At Wesleyan, A Mixed Reaction To Move To Co-Ed Frats

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Wesleyan University is asking its residential fraternities not to pledge freshmen and to turn over the rolls of all their members as the school issued an order to end its all-male fraternities and make residential fraternities co-ed.

It's a decision that has received mixed reaction on campus.

The decision is felt hardest at the three residential fraternities. No one agreed to recorded interviews at any of the fraternities, but men did agree to speak to WBUR on background.

Earlier this September, a student fell from a third-story window at one of the fraternity houses, Beta Theta Pi. The school then ordered students to stop living there and now refuses to recognize the fraternity. The national fraternity has suspended the Wesleyan chapter.

Fraternity Members Worry About Impact Of Co-Ed Order

The three fraternity houses line High Street, in the heart of the school's campus.

At the two houses still inhabited by students, I received very different reactions.

At Delta Kappa Epsilon, I was invited in to roam the house and talk to the brothers. They were told by their national fraternity that they could not talk on the record, but they did express worry that this move by Wesleyan essentially forces them to shut down, as their national fraternity does not recognize co-ed chapters.

At the Psi Upsilon house, I was told by a nervous officer that no one had time to talk to me because of classes, and when I came back at the end of the day, the same officer asked me to leave.

Psi Upsilon’s Wesleyan chapter is also at the center of a suit filed by a student in March, alleging that she was raped in the fraternity house’s common room during a party in 2013, when she was a freshman.

"The fraternity chapter organized a fraternity event designed to get their pledges naked and in front of people who are invited to the fraternity house without any controls whatsoever," said Doug Fierberg, her attorney. "It got out of control. My client was trying to leave the fraternity house when she was grabbed by one of the pledges and raped in front of others."

Psi Upsilon says it does not comment on pending litigation.

For some time now, the brothers at Wesleyan have been discussing admitting women. The national fraternity does allow co-ed chapters.

In front of the house, a brother returning at dinner time said it's unfair of Wesleyan to target the fraternities in its effort to curb sexual assault on campus. Sexual assault, he points out, happens in the dorms, too.

In 2007, a national survey of studies of sexual aggression among college men did find that fraternity members are more likely to report sexual aggression than non-fraternity members.

The two residential fraternities that remain open house fewer than 100 students. To some of the other students, such as Misha Iakovenko, a freshman from Ukraine, the fraternities are irrelevant.

"Fraternities isn't that big a part of the social scene here at Wesleyan," Iakovenko said.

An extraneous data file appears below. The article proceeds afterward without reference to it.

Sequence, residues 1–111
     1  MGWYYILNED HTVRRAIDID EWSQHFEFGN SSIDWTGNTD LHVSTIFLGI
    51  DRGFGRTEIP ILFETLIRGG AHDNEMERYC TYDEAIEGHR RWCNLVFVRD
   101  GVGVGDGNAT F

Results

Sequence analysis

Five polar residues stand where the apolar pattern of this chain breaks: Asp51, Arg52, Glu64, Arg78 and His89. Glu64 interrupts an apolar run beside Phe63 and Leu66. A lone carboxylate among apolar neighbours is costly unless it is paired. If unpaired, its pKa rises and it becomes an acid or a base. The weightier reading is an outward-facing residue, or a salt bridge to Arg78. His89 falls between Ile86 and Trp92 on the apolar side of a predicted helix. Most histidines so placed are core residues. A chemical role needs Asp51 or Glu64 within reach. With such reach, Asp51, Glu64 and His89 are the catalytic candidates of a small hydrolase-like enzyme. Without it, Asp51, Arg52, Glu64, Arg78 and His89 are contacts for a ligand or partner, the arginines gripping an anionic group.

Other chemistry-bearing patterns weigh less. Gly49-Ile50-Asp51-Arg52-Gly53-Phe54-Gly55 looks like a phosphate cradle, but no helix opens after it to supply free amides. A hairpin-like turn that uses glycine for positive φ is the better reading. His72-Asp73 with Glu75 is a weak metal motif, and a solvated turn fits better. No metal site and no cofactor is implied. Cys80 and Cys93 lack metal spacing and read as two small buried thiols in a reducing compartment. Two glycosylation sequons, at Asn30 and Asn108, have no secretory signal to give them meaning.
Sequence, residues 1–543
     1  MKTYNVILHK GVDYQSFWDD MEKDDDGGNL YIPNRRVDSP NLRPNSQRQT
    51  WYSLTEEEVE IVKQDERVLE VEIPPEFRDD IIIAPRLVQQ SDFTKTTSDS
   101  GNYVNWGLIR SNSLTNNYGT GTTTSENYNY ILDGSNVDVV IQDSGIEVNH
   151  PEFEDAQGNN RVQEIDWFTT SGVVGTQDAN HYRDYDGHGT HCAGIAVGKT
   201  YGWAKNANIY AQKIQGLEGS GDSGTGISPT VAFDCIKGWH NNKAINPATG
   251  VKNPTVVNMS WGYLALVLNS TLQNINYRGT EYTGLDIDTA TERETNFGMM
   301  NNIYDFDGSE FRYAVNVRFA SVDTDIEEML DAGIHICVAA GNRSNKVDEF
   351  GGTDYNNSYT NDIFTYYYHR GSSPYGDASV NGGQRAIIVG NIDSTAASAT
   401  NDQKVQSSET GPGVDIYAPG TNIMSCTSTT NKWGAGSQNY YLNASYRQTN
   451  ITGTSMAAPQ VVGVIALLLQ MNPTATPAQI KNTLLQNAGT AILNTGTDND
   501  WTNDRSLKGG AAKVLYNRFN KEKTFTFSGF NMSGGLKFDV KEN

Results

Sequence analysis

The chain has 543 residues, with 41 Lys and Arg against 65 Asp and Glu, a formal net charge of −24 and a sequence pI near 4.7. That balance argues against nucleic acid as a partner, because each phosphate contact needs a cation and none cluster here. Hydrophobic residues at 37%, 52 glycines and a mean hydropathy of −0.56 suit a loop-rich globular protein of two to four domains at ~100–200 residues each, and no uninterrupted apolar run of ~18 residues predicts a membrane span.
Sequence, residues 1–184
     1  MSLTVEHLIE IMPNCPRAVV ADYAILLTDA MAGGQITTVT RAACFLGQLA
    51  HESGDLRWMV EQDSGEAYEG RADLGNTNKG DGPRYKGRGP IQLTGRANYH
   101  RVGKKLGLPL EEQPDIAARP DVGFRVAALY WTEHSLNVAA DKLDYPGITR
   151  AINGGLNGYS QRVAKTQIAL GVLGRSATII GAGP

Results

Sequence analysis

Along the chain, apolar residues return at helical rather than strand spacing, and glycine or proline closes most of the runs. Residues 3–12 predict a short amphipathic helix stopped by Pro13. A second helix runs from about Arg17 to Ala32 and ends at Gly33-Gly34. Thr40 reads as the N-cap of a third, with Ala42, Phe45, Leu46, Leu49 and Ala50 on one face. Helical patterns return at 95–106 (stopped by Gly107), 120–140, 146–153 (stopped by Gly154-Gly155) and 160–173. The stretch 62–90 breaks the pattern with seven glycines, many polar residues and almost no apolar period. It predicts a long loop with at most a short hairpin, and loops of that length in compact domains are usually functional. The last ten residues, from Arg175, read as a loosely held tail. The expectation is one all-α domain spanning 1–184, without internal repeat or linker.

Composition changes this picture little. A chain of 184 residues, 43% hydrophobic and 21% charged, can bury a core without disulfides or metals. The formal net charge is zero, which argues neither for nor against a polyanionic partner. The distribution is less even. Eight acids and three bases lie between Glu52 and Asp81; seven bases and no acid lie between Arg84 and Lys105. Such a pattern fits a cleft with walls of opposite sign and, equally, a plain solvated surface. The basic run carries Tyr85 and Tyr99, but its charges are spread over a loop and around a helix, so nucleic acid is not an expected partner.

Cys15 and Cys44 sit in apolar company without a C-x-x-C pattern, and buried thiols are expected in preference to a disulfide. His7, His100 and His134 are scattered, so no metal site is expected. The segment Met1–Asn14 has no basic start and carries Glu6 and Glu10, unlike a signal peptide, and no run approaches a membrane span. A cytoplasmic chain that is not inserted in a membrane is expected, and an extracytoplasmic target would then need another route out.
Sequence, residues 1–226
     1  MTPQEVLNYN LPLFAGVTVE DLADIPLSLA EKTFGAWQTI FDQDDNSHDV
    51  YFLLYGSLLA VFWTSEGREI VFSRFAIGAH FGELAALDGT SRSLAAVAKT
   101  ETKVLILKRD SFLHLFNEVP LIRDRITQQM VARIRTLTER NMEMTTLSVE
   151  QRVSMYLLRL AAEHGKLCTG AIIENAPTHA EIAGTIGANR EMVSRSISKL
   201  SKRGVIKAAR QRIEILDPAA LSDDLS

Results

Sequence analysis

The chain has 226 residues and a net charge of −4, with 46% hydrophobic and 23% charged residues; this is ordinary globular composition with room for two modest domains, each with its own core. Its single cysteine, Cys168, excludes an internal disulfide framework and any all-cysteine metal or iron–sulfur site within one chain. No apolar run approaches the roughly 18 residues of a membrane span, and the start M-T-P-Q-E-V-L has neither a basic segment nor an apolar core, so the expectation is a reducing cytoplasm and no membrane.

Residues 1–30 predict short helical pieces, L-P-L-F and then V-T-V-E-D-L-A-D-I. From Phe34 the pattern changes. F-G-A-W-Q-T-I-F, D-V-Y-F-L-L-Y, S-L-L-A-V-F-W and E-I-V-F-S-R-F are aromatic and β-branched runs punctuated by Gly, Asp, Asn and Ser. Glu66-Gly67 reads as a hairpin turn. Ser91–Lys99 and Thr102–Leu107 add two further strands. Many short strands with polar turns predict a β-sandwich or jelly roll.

Iakovenko rows, and he says that's pretty much all he does outside academics.

To other students, fraternity parties provide an important part of the university's social life.

Gabbie Jian Gola, a sophomore from New York, said there isn't reason to believe they won't continue to play an important social role as they go co-ed.

"There's a lot of backlash in terms of people going: 'Oh, the party culture is going to die,' and all that, and I just don't really see the logic in that argument because what about a house having girls in it is going to destroy your party culture?" she said.

Co-Ed Fraternities Already Exist At Wesleyan

Wesleyan has two co-ed residential societies already. One is Alpha Delta Phi.

"We are the co-ed frat," said Claudia von Nostitz, a junior from New York, and Alpha Delta Phi's president.

It took decades for the fraternity to make the transition to being co-ed. It started initiating women in 1972. The national fraternity objected — an issue expected to be a problem for two of the remaining fraternities now. For years, Alpha Delta Phi initiated the women in secret, and eventually, the chapter had to secede. Von Nostitz said having women share the responsibility of running a house makes it a safer place to have parties.

"People know not to get too drunk," Von Nostitz said. "They know to look out for people who aren't from here. Look out for each other. It's just kind of that mentality of stay aware, because anything that happens to us reflects on us."

J.T. Falcone, a senior from Madison, Connecticut, also added that the fraternity gives its members certain responsibilities at parties that they uphold in shifts.

"We have a shift called 'Roving Death' for people who are in the crowd, who are paying attention to the crowd members, and we even have shifts for people to man the fire alarms, so they don't get pulled," Falcone said.

"When you enter this house, when you enter this space, it's a different sort of vibe for us because it's not all about partying," Falcone continued. "It's not all about drinking."

As Alpha Delta Phi had many years to make the transition to being co-ed, some students, including Falcone, worry that for the remaining fraternities the three years Wesleyan is giving them won't be enough time for what can be a complicated transition.

This segment aired on September 25, 2014.

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Fred Thys Reporter
Fred Thys reported on politics and higher education for WBUR.



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